Julie Beverly (Ozone Magazine) [Interview]
Atlanta, GA – Recently, I had the opportunity to interview Julia Beverly – the owner, founder, publisher, editor-in-chief and chief photographer of Ozone Magazine – a publication that many regard as the definitive source for Southern hip-hop culture-related news. For the last eight years, Ozone Magazine has documented and has provided media coverage for well-known and upcoming hip-hop recording artists within the Southern United States and the publication has recently expanded to the West Coast of the U.S, through Ozone West.
The Southern United States’ hip-hop community was once stigmatized as being of a quality that many East Coast-based hip-hop recording artists, other hip-hop-related professionals and hip-hop enthusiasts felt was inferior to the East Coast hip-hop archetype defined by New York City and other East Coast hip-hop centers.
However, through the hard work of Julia Beverly and Ozone Magazine, countless hip-hop recording artists in the South and now also in the West, that once were not afforded a voice on a national level, now have a media outlet that is comparable to those available to their East Coast counterparts.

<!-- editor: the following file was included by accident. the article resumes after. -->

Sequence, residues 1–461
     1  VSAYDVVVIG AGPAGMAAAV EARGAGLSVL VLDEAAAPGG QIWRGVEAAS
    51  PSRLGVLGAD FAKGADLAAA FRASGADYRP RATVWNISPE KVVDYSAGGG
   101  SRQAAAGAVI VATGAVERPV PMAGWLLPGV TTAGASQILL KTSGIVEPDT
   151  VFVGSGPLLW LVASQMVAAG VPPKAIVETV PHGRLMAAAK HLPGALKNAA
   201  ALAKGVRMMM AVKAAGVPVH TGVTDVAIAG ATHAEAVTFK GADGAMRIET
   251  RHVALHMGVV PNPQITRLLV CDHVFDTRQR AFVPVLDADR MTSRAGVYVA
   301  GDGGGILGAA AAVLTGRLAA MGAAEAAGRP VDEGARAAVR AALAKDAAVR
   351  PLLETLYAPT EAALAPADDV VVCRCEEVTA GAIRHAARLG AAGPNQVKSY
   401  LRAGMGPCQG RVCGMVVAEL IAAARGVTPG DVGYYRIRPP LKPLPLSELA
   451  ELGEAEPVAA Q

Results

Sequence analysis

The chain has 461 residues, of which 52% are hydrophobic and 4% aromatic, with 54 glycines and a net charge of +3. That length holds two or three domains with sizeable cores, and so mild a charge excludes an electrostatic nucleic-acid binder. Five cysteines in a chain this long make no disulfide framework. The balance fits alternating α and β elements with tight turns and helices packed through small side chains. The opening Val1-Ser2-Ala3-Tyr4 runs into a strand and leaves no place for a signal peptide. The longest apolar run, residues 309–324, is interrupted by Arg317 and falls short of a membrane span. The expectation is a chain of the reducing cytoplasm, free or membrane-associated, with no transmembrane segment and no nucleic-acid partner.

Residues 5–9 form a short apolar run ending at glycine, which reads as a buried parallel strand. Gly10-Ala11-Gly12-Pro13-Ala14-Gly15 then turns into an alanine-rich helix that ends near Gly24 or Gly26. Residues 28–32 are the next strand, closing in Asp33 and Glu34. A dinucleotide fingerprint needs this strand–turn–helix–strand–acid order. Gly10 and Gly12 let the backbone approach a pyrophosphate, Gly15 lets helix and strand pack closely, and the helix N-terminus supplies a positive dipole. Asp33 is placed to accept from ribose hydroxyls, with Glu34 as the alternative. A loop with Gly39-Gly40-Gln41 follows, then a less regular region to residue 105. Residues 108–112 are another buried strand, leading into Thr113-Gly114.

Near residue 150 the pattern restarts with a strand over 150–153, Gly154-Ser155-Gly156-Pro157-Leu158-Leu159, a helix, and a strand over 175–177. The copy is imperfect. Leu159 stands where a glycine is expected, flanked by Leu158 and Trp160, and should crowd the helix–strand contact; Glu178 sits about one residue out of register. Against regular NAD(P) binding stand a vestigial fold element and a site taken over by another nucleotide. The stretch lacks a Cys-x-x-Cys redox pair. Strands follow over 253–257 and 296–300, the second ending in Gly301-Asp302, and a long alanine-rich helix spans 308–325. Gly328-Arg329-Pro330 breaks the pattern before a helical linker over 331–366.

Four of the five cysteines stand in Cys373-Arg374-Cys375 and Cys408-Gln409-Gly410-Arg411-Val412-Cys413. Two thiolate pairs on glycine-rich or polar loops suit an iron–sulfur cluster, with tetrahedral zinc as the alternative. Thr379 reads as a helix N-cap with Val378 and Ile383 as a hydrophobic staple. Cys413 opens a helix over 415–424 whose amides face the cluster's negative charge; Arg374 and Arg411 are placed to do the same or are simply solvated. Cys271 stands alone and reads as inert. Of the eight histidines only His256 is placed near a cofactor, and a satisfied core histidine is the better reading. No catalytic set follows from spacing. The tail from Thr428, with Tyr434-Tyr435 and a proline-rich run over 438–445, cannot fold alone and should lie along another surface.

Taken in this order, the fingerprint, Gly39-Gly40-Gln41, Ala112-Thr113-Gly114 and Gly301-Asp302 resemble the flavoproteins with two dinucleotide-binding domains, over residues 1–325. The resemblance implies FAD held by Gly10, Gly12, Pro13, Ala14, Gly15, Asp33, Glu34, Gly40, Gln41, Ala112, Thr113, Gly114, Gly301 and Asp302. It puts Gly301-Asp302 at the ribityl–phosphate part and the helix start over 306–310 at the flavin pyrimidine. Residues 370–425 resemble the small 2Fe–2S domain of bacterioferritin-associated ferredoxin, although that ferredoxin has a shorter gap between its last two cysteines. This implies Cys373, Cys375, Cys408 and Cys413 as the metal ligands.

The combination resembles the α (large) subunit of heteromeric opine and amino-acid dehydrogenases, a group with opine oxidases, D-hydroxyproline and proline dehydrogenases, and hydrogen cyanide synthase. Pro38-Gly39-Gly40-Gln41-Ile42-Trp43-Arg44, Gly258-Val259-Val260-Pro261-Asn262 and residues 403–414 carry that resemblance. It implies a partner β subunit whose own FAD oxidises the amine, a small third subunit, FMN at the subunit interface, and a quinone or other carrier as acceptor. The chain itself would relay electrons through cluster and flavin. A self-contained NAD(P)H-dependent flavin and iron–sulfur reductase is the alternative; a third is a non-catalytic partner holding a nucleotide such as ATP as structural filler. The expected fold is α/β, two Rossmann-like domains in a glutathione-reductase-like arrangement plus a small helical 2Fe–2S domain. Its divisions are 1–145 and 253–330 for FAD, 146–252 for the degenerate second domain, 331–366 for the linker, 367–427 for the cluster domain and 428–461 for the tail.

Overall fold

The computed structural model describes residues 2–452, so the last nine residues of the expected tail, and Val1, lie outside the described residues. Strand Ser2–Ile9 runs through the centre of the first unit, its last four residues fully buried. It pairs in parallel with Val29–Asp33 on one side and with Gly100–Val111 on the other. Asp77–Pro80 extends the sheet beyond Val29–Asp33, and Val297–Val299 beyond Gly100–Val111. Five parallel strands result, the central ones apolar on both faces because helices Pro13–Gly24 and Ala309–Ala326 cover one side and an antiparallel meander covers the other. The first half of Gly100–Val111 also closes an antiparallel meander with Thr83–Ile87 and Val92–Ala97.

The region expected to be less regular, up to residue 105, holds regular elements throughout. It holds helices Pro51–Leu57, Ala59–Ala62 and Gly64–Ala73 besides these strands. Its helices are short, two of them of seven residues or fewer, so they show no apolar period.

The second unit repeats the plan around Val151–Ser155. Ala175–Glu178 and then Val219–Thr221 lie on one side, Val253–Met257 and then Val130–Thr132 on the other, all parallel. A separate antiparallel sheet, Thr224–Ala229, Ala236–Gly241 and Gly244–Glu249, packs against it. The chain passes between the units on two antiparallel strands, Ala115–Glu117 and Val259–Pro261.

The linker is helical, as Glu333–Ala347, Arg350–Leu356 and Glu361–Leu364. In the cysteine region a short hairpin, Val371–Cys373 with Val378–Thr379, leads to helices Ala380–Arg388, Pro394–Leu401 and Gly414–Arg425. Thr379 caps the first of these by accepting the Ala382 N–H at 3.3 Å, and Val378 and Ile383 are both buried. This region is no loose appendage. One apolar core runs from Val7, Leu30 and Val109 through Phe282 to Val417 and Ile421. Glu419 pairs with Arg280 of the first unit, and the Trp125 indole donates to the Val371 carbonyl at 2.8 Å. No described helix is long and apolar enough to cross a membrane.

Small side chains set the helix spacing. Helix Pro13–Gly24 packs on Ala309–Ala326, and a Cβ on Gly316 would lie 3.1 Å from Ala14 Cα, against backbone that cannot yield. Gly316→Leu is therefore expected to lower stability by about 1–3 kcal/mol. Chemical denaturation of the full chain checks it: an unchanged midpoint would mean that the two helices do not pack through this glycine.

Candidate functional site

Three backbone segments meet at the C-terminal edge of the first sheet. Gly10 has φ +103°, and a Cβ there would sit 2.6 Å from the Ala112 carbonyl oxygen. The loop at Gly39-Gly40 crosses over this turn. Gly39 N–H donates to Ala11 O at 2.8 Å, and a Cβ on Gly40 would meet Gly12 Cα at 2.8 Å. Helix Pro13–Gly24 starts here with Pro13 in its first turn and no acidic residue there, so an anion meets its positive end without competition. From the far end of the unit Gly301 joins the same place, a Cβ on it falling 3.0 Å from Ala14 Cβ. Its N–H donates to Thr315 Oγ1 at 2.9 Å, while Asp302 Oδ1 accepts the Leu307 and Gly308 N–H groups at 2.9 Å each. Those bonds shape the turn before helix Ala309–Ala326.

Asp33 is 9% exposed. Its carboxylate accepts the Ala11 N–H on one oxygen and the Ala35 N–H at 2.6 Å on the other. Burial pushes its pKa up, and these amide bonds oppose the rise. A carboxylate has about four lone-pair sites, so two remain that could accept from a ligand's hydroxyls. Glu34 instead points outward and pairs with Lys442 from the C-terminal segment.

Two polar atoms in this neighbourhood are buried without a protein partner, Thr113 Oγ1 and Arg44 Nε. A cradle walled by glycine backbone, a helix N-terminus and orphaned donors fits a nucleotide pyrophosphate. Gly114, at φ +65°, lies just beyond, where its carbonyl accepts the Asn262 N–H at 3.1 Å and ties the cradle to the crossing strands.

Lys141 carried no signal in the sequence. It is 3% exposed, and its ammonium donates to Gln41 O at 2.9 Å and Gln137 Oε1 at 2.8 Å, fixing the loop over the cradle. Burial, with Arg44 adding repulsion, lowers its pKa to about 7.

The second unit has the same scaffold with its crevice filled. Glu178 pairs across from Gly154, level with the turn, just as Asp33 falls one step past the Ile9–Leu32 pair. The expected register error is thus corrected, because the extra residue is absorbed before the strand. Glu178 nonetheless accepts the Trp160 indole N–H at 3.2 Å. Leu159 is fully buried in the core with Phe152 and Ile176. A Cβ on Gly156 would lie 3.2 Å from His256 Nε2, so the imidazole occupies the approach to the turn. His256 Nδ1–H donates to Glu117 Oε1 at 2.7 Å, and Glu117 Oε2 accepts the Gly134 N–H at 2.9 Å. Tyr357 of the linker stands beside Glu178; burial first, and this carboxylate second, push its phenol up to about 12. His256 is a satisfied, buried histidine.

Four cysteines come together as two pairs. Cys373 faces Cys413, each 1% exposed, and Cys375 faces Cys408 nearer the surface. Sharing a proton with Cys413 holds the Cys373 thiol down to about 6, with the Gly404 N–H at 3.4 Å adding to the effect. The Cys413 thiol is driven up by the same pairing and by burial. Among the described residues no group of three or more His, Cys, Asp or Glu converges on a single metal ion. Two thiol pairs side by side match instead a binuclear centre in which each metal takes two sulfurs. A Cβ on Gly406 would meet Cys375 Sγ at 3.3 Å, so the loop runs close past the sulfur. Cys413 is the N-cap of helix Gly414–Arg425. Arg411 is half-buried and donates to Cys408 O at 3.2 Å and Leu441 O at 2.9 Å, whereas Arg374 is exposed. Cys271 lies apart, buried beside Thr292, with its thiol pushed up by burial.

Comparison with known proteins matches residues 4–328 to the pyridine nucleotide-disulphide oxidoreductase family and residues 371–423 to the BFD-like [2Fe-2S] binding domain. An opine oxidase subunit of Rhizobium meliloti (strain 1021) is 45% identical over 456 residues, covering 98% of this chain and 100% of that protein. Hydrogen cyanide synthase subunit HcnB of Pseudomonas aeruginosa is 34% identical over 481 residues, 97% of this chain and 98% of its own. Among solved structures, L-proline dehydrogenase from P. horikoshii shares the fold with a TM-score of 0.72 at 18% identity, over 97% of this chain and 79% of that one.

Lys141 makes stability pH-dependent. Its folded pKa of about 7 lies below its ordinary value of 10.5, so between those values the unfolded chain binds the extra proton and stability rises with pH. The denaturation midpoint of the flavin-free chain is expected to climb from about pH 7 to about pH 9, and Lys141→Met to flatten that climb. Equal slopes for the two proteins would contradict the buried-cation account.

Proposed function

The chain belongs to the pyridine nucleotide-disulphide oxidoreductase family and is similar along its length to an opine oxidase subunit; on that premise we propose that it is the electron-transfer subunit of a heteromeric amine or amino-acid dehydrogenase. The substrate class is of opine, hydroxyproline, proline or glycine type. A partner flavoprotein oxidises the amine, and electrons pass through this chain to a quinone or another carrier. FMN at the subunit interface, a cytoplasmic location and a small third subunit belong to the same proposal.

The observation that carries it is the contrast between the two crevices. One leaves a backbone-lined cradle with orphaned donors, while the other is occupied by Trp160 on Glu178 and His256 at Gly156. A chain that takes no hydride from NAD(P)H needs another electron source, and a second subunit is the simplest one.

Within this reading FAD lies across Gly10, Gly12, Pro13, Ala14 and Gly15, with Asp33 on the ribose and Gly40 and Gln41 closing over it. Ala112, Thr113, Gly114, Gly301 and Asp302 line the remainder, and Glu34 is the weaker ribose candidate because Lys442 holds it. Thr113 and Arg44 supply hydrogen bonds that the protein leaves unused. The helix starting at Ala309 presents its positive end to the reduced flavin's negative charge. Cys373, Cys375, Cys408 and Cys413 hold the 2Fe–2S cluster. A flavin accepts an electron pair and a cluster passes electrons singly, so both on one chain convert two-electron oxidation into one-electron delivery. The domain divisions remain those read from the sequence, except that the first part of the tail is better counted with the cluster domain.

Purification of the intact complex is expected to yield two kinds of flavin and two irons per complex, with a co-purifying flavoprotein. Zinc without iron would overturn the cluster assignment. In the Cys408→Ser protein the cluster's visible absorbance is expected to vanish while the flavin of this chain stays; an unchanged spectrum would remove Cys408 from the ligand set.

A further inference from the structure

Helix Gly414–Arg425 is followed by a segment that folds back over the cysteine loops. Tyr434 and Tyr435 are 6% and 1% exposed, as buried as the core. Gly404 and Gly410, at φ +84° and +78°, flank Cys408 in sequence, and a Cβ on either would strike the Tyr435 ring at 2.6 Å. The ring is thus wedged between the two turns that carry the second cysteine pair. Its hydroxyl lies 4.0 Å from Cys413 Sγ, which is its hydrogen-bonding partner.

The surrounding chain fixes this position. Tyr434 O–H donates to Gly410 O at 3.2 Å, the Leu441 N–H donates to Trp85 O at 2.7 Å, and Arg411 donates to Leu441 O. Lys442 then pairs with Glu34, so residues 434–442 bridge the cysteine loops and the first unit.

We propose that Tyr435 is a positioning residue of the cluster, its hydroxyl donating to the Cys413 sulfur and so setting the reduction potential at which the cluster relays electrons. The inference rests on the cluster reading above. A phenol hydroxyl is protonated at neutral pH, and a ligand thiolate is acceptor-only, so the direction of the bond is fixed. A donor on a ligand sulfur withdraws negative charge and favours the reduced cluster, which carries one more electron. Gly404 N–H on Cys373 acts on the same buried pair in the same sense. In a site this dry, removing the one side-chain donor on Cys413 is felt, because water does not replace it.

Ajani Charles: A lot of people in Canada who are interested in hip-hop aren’t familiar with Ozone Magazine or Southern hip-hop culture in general. However, the idea that Southern hip-hop artists seemed to support and collaborate with one another, to the point that Southern hip-hop reached the mainstream is prevalent (in Canada).
So, how did these collaborations and the support system that defines Southern hip-hop come about?
And also, what role did Ozone Magazine play in building the strong sense of self that’s definitive of Southern hip-hop and Southern hip-hop culture?
Julia Beverly: I think that a lot of us in the South had at least one thing in common during the years before we gained national recognition; and that was defined by a number of us gravitating towards New York and other East Coast media outlets.
At that time, there seemed to be a prevailing attitude in the East Coast that the South wasn’t on the East Coast’s level, musically and otherwise. We felt disrespected or at least overlooked at certain times.
There wasn’t anyone accurately portraying what we had going on down South through the East Coast media outlets. But of course, you had artists such as Slim Thug, Mike Jones and Paul Wall, who had large fan bases in Texas and you also had David Banner in Mississippi and Pitbull in Miami (for example).